Hokusai's wave
So Tomi Ungerer persevered and developed another technique. You might be able to see in the video image that Tomi uses semi-translucent transfer paper and he explains how green pastel was applied to the back of the transfer paper and pencil and gouache to the front, with extra, darker pastel where necessary. I was a little confused with the explanation, but that doesn't matter because what is inspiring is that an acclaimed artist experimented until the problem was solved, even though he was in his eighties. It was the same with the fog; Tomi assumed covering the drawing with light grey pastel would give the effect of fog, but discovered it wasn't that simple because real fog plays with perspective and he adapted that technique too.



Poignantly, whilst researching Tomi Ungerer, I discovered this maverick, acclaimed artist had died the day before, aged 87 years. My heart lurched.


Another acclaimed, award-winning artist, Leo Lionni (also now departed), used a very different technique for water. I've only just discovered Swimmy by Leo Lionni, and it is now a new favourite, despite being first published in 1963. I first heard of this book through reading Eric Cale and Lane Smith praising the book and it has been recently reissued in the UK. Leo was an artist/graphic designer who didn't start producing children's books until his fifties.


Swimmy by Leo Lionni (UK: Andersen Press, 2015)
The cover is shown large so you can see the texture of the water.
I gather Leo Lionni used a variety of mediums and for this book he used different stamps and printing, wax resist and plastic wrap (clingfilm) on diluted blue tempera paint. It gives such a feeling of loose, liquid, spontaneity. And the seaweed made me grin: he printed it using the ornamental edge of a napkin or doily. Maybe it is a little messy, but there is an innovative joy to the images and it oozes wetness!

From Swimmy by Leo Lionni
Perhaps some of my enthusiasm for Swimmy comes from the fact I've been experimenting with illustrating water on my course and only a week before seeing this book I'd been playing with watercolour and clingfilm. Snap! OK, I know I'm only a beginner, but as has been seen, all the professional illustrators experiment too.


Paeony Lewis, having fun, experimenting.
And finally, here are a few more examples of water from different children's picture book illustrators. I know how the first was produced (expressive linocuts), but can you guess how the others were created (and do let me know!).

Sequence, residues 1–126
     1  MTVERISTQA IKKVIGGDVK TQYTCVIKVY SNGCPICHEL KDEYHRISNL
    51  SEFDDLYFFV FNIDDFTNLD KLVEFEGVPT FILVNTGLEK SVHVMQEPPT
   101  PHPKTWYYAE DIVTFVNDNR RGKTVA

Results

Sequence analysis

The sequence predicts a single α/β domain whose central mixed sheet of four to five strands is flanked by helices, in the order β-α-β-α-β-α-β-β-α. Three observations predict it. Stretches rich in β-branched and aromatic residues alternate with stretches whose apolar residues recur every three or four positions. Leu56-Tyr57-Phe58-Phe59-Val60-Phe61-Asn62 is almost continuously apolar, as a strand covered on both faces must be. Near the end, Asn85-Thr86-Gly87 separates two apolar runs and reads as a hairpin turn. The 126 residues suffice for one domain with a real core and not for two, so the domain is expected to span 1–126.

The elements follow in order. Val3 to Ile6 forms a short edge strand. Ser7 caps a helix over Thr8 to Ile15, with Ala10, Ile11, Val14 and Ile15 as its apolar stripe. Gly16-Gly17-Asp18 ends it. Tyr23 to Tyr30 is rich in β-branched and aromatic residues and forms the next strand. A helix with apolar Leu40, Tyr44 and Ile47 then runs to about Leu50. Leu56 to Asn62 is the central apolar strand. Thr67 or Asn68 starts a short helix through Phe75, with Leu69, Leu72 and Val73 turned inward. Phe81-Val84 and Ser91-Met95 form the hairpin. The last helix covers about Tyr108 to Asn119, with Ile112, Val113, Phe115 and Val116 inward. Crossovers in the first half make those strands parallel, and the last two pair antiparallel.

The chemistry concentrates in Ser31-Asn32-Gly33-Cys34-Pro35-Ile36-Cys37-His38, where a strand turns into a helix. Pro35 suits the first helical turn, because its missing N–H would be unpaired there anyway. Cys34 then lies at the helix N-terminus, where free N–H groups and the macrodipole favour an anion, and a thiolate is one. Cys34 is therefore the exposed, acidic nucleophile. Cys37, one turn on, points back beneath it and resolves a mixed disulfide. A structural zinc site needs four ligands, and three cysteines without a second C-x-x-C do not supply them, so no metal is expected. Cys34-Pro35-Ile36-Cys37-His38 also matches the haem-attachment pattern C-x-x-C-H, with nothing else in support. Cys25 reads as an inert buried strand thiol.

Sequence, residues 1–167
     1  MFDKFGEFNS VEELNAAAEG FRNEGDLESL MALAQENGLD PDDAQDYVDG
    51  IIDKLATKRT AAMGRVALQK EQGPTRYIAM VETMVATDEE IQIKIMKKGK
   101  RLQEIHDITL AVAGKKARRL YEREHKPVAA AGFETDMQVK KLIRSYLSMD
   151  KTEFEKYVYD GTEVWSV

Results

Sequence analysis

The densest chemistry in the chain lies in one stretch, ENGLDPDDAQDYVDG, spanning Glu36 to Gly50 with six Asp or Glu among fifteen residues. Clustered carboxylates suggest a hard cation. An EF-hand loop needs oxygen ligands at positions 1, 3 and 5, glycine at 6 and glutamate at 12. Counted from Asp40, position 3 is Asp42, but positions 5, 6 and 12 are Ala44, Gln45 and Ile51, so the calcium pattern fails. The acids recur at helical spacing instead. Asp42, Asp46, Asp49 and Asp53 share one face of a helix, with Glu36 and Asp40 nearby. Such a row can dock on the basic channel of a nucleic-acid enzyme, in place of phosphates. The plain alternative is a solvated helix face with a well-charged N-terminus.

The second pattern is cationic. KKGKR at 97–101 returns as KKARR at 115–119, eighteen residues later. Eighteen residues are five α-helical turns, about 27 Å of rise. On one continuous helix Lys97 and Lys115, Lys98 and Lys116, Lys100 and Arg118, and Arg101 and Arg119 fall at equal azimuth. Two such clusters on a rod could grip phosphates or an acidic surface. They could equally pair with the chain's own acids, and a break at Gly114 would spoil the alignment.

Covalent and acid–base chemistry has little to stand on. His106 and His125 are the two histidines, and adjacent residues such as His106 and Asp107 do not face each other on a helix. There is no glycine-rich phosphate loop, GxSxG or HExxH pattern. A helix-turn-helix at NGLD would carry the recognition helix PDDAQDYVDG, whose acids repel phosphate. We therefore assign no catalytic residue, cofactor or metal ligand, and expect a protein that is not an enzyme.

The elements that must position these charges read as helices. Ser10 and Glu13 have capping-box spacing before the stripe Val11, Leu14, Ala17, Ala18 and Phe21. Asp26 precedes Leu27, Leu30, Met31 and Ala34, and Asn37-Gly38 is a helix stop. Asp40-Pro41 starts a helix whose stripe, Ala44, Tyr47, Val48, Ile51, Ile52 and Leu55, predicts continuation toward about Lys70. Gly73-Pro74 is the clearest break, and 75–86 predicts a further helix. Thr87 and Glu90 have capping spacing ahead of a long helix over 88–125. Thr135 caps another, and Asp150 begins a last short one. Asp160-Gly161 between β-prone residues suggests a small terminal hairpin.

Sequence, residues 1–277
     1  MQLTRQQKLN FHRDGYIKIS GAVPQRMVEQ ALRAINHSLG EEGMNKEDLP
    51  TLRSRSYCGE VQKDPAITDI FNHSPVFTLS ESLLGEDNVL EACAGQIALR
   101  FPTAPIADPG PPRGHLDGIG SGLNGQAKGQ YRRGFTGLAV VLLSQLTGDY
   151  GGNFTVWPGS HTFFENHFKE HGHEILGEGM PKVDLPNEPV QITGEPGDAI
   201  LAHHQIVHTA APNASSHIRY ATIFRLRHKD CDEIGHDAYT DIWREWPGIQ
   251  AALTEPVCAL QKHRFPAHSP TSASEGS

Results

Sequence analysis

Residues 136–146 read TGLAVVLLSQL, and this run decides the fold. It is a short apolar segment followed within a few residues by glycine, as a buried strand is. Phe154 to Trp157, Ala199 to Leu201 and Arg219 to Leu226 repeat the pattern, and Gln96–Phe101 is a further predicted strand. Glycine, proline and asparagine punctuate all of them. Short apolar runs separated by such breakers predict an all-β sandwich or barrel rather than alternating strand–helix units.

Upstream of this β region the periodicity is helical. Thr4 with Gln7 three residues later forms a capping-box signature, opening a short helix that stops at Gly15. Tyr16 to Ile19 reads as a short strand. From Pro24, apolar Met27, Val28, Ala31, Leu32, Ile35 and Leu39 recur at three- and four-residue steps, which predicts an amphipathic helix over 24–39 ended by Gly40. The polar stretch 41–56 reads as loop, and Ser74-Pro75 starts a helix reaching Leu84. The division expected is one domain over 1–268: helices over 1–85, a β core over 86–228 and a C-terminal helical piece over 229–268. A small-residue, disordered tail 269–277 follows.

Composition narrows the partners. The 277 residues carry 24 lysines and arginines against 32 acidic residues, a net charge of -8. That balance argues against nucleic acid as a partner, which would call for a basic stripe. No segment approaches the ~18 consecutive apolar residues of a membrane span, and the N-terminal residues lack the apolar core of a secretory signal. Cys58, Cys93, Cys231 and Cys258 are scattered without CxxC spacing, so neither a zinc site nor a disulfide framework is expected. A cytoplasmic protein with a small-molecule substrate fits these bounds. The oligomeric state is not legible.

Extreme close up showing the linocut printing in The Little Black Fish,
illustrated by Farshid Mesghali, first published in Iran in 1967,
UK: Tiny Owl Publishing, 2015

Detail from Bear Hug by Katharine McEwen (UK: Templar, 2014)
Excerpt from Roo the Roaring Dinosaur: Best Playday Ever!
by David Bedford, illustrated by Mandy Stanley (UK: Simon & Schuster, 2016)
Excerpt from The Journey by Francesca Sanna (UK: Flying Eye Books, 2016)
Excerpt from The Crocodile Who Didn't Like Water
by Gemma Merino (UK: Macmillan, 2013)
Close up from A River by Marc Martin (UK: Templar, 2016)
Close up from There is a Tribe of Kids by Lane Smith (UK: Two Hoots, 2016)
If you have any thoughts on illustrating water, or know of any great illustration examples, do share. Thanks!
 Paeony Lewis

10 comments:

  1. Gorgeous. Makes me want to get out the clingfilm and experiment myself. I have to give a shout out to Charles Fuge - each of his (undersea) bubbles in the Gilberts are mini masterpieces - and Cecelia Johannson's layered tissue paper collages made fab arctic sea backgrounds for a long out of print Tooth Trouble.

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    1. Thanks and go for it, Jane! Plus I've just taken a look at my Gilbert book and yes, those bubbles are a delight. Looked up Tooth Trouble too (watched a dodgy video online!) and I wouldn't have guessed tissue was used. At the back of picture books, I'd love it if they told us about the art.

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  2. Amazing art. That first Sydney Smith spread is one of my all time favorite picture book spreads. But I love everything here.

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    1. The sun is so bright you can feel the shimmering heat. Thanks, David.

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  3. Inspiring stuff Paeony! It really makes me want to get out and start experimenting more.

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    1. Your art is already amazing, John, though experimentation can be exciting :-)

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  4. Thanks for a lovely post. I'mn in awe of illustrators whatever thier style. I'm often asked if I do the illustrations for my picture books. My standard answer is "I wish but I'm just not that talented."

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    1. Thanks, Lynne. A tentative desire to try illustrating one of my own picture book texts got me started in art, albeit sometimes I feel it's enough that now I understand more when I visit an art gallery!

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  5. Great post Paeony! I think the technique used in The Crocodile Who Didn't Like Water by Gemma Merino is trace monoprint where. I’m sure you’ll know the technique but for anyone reading who doesn’t; you ink up some glass, put your paper over it and draw on the back so that the reverse image side picks up the ink with that beautiful jagged line.

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  6. Many thanks and yes, Claire, I'm sure you are right. Well deduced! Very effective.